Families of Deployed Troops Need Support
of Family, Friends, Co-Workers
There's no doubt that the expression "War is hell!" has
particular meaning for the troops being deployed and their families.
There are ways that Americans can help ease the pain for spouses, partners
and children left behind.
"Awareness in the communities where these families are stationed is
a first step. There's no better time to become a good neighbor. Just
knowing that someone is close by who cares can be comforting," says
Nadine Kaslow, Ph.D., professor in the department of psychiatry and
behavioral sciences at Emory University. "Children are especially vulnerable,
so being a good neighbor can mean occasionally including those children
in some family outing that will distract them from their worries, and
give the single parent left behind some time to recuperate."
Although military families generally have to cope with extended separations
from time to time during the course of a military career, battle duty
has an emotional component that is far more stressful. Troops are often
sent off within a day's notice to a dubious location, with little opportunity
for communication, and no specific return date. The news is full of
daily reports and war scenes that constantly remind the families that
life is far from normal, and extremely dangerous for their loved ones.
Children have different ways of coping with the departure of a parent.
Behavior may become withdrawn, or the child may become difficult to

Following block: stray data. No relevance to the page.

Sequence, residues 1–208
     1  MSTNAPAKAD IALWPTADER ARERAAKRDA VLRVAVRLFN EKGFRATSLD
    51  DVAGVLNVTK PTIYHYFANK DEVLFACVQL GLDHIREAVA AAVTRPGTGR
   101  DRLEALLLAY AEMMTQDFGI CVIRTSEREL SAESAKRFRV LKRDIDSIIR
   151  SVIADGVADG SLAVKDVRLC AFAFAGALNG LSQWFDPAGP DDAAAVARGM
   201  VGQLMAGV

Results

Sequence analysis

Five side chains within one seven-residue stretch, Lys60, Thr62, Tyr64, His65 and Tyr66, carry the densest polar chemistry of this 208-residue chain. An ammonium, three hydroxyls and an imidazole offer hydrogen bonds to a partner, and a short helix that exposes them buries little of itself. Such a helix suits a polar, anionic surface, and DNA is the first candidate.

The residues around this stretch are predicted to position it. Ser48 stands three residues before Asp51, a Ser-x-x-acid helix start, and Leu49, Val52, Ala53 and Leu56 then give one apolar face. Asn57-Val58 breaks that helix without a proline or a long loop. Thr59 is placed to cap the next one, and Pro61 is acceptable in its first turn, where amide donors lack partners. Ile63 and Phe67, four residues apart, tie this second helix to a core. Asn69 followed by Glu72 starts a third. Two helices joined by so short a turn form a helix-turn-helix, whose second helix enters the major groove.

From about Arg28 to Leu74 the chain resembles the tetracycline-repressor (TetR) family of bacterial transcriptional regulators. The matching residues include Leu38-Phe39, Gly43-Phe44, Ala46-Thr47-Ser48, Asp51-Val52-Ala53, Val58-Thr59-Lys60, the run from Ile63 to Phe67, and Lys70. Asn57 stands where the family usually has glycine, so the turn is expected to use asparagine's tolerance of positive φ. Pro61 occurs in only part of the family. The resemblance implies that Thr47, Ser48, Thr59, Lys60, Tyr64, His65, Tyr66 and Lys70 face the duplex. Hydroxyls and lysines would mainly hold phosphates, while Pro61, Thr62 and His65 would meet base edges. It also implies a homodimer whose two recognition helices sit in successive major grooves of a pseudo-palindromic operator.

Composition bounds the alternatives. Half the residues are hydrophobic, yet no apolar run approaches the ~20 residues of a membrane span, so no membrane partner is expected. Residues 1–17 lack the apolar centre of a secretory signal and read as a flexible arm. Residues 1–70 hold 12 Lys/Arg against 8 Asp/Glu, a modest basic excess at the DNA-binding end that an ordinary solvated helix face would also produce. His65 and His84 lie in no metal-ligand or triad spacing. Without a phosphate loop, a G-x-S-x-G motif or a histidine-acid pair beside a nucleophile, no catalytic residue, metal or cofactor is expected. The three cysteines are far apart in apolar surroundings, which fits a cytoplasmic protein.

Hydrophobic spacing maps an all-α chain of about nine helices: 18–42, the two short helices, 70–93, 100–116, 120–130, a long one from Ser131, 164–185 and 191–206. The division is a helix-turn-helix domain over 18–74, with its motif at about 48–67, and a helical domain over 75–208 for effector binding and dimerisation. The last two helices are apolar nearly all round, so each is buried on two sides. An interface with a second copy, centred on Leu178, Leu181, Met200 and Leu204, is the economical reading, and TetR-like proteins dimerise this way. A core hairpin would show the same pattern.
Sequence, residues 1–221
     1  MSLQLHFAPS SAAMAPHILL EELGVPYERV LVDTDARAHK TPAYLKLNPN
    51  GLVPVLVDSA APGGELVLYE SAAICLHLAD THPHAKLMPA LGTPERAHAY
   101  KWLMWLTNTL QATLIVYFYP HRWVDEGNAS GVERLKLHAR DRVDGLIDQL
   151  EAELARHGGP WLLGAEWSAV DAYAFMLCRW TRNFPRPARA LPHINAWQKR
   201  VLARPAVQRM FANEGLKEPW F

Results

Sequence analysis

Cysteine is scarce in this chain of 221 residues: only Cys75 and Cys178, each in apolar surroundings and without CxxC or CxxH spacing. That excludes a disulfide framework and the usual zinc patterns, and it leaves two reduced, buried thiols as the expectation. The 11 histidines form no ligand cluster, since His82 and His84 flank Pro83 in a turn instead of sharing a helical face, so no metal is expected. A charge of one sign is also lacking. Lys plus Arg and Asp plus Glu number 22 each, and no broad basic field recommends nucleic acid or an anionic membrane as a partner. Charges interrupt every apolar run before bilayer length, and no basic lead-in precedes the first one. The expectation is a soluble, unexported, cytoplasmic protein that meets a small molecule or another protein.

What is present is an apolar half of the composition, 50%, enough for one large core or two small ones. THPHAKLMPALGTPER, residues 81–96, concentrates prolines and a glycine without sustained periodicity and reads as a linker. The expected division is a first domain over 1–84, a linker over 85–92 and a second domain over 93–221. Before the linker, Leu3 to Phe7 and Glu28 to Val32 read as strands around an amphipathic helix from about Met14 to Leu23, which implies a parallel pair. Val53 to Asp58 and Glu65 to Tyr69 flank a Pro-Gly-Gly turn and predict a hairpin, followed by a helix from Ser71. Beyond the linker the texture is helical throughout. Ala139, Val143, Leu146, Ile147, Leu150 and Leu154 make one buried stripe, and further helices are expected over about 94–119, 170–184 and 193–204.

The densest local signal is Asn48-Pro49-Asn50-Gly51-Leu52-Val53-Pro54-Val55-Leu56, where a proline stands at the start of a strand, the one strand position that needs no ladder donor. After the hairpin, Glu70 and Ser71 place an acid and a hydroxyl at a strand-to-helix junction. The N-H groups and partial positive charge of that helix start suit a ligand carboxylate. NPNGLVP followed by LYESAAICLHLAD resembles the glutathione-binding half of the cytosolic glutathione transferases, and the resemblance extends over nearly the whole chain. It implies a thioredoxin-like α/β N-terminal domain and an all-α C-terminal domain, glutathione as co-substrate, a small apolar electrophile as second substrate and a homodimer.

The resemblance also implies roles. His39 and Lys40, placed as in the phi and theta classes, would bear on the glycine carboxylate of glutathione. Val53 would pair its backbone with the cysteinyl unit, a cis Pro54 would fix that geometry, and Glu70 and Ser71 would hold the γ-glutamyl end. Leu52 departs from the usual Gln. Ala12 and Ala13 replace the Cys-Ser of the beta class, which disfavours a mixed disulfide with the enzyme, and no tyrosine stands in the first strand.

manage, or have trouble sleeping. Some of the things that parents can
- Keep daily routines as normal as possible.
- Keep the lines of communication open. Let the children talk about
- If the child is having trouble sleeping, help them get calm before
they sleep. Talk with them about their anxieties and fears, and be
sure to provide them physical comfort and support.
- Keep children busy, distracted, and away from the TV.
- Use videotapes as a means of communication between the soldier and
- Be sure the school or daycare is aware of the situation. Many times
teachers pick up on changes in behavior that may signal a problem,
and school counselors can be very helpful.
- Attend religious services or other community activities that you
- Seek professional help if your child's symptoms are extreme in severity
or duration, or if they significantly interfere with the child's social
or academic functioning.
"Suddenly being a single parent can be emotionally and physically
exhausting," says Dr. Kaslow. "Employers need to be m ore flexible
about time and demands, and provide a supportive work environment."
The upcoming months can be trying times for all of us. Making the
extra effort to reach out to these courageous families not only
helps the citizens at home, but also makes a positive contribution
to the morale of the soldiers far away.